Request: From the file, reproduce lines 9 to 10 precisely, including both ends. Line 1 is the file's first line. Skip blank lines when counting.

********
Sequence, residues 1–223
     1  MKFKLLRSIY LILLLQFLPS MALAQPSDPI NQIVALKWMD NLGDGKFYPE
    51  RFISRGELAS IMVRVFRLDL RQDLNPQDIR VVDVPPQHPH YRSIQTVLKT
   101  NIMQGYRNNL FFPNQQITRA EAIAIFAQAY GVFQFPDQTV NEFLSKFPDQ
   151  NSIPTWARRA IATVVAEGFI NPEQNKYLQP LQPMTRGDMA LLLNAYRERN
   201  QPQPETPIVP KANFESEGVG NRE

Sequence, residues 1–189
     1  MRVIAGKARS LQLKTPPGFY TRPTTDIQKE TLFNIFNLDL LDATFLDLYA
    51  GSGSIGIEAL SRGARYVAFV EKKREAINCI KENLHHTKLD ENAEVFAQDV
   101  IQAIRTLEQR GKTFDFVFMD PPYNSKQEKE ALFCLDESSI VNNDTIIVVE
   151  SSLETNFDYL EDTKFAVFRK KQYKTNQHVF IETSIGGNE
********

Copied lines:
    51  GSGSIGIEAL SRGARYVAFV EKKREAINCI KENLHHTKLD ENAEVFAQDV
   101  IQAIRTLEQR GKTFDFVFMD PPYNSKQEKE ALFCLDESSI VNNDTIIVVE